Chicken Confit

Best. Chicken. Ever

Active time: 20 minutes • Total time: 2 days

Posted on Nov 27, 2015 by Jack McCann
Tags: recipes chicken drumsticks sous vide thigh

What is Confit?

Confit is an increasingly popular but traditional French way of curing, cooking and preserving meat. I can’t believe I lived so long without making it before. It always sounded like it was too much work. Then our friend Carl was over helping process our ducks and shared his passion for confit. We made up our own confit duck and loved it.

I decided to try some confit chicken for a family Christmas party and it turned out FANTASTIC. This takes a bit of planning ahead, but is a fairly simple way to make lots of fantastic food!

I recommend having a Sous Vide machine, but it isn't required. 

Step 1: Cure

Basically the idea here is to partially cure the chicken and infuse some flavor.

  1. Place a cooling rack on top of a baking sheet
  2. Mix up a good amount of the following and sprinkle liberally onto every surface of the meat. Then place each piece onto the rack.
    • Sea salt
    • Herbs (I like thyme but anything works)
    • Garlic (either a powder or finely chopped cloves… I used powder for ease but often skip this ingredient)
    • Sugar is traditionally used, we skipped it
  3. Place the sheet, rack and chicken uncovered in the fridge for one to four days.

(Lauren with duck confit)

Step 2A, Traditional method: Rinse and cook in stockpot 

  1. Rinse the chicken under cool running water. Most (but not all) of the salt on the outside will be removed.
  2. Tightly arrange the chicken in a stockpot.
  3. Put enough coconut oil and/or lard on top so that when it is melted all of the meat will be submerged in the fat (poached in fat)
  4. Cover and bake at 175 degrees for 8-14 hours or until tender.
  5. After a few hours, check that the chicken is fully covered in fat, add more fat if it seems additional is needed.
  6. When done, strain and separate the fat to reuse. 

    Alternatively you could sous vide this recipe.  This simplifies it a bit:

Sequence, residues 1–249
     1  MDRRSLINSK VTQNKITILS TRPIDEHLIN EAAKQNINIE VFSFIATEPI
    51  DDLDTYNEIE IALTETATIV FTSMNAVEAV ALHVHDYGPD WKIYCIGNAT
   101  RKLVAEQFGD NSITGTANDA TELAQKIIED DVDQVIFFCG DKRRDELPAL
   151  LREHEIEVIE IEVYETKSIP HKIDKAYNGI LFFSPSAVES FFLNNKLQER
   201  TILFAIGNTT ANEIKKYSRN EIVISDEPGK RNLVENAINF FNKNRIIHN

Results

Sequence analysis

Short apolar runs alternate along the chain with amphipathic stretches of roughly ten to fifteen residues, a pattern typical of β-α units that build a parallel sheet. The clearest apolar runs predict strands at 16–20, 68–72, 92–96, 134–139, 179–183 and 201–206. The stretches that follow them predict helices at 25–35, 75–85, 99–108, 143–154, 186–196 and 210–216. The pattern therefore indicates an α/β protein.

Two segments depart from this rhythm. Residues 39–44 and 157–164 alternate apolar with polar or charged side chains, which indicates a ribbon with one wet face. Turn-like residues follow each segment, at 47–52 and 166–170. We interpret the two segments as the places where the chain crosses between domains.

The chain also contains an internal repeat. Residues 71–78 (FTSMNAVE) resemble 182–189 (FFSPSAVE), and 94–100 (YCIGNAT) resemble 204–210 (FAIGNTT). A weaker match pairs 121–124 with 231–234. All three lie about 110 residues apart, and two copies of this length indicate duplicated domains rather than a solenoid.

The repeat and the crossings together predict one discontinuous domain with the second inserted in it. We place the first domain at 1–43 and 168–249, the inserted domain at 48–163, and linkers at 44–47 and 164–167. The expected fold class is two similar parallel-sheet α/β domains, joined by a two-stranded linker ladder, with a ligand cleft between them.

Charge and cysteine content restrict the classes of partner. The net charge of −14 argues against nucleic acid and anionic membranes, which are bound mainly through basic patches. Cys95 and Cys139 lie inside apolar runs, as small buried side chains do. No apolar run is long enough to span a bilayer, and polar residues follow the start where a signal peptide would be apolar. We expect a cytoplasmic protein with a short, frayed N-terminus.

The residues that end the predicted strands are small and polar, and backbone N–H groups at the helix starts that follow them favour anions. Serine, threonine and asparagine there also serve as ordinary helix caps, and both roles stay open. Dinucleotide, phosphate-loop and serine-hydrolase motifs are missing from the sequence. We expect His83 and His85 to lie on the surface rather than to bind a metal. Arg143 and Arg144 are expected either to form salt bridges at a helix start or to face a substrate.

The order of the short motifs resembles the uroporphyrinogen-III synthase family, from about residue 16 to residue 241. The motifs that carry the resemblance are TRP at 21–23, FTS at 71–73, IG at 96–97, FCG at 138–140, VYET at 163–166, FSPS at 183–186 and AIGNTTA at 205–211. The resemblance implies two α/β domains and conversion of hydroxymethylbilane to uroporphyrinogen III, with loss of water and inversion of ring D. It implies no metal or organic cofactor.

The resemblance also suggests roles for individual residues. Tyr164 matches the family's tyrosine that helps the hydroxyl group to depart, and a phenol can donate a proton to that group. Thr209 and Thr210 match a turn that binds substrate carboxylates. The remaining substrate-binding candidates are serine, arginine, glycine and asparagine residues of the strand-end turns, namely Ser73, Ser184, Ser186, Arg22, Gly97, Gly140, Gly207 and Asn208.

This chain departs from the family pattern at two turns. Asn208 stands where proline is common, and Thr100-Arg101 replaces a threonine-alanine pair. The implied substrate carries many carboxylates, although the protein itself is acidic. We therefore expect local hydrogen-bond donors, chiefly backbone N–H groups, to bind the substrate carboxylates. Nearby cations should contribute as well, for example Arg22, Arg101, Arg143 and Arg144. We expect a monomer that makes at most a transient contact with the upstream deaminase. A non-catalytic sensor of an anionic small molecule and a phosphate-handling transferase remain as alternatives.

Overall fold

Step 2B, Modern method: Consider a simpler approach 

  1. Rinse the chicken under cool running water.
  2. Tightly arrange the chicken in a ziplock or vacuum sealable bag
  3. Melt some coconut oil, lard, butter or other oil and place about 1/2 C of fat per pound of chicken into the bag.
  4. Remove all the air and seal the bag.
  5. Preheat some water in a pot large enough to submerge the bag, about 180 degrees
  6. Place the bag into the water and put a glass bowl or cup over it to keep submerged
  7. Place pot into 170-180 degree oven for 10-12 hours (or sous vide to this temp)
  8. Store in your fridge for 1-2 weeks, freeze or enjoy right away. To serve, crisp up the skin and enjoy or use in a cassoulet.
  9. Keep the juice/fat in the bag and place into the fridge. It will solidify on top and you can pull it off to reuse.

Step 3: Enjoy

The meat can be eaten right away, or it can be stored in your fridge, fully submerged in the fat for months (and years actually). It would actually keep just fine at room temp as well. Take the meat out and grill or sear to crisp up the skin… yum!

Alternatively, you can pull the meat from the bones and freeze like any other meat. This is an ideal way to make up a bunch of food all at once and later pull it out of the freezer for a quick and fantastic meal. Every year we pre-cook and freeze a lot of chicken for quick winter meals, this is now be my preferred method.

In Minnesota, we’re all familiar with cheesy, bland casseroles… but like nearly every food, the traditional recipes that inspired modern dishes were SO much better. I had some of Carl’s duck confit cassoulet and it was fantastic (a cassoulet is the traditional use of confit) . Consider finding a recipe online and use your confit chicken for that… or just eat the chicken with some wine, cheese and a good sour dough bread like I did on my last flight for work in California -- Those silly first class passengers had nothing on my meal!   

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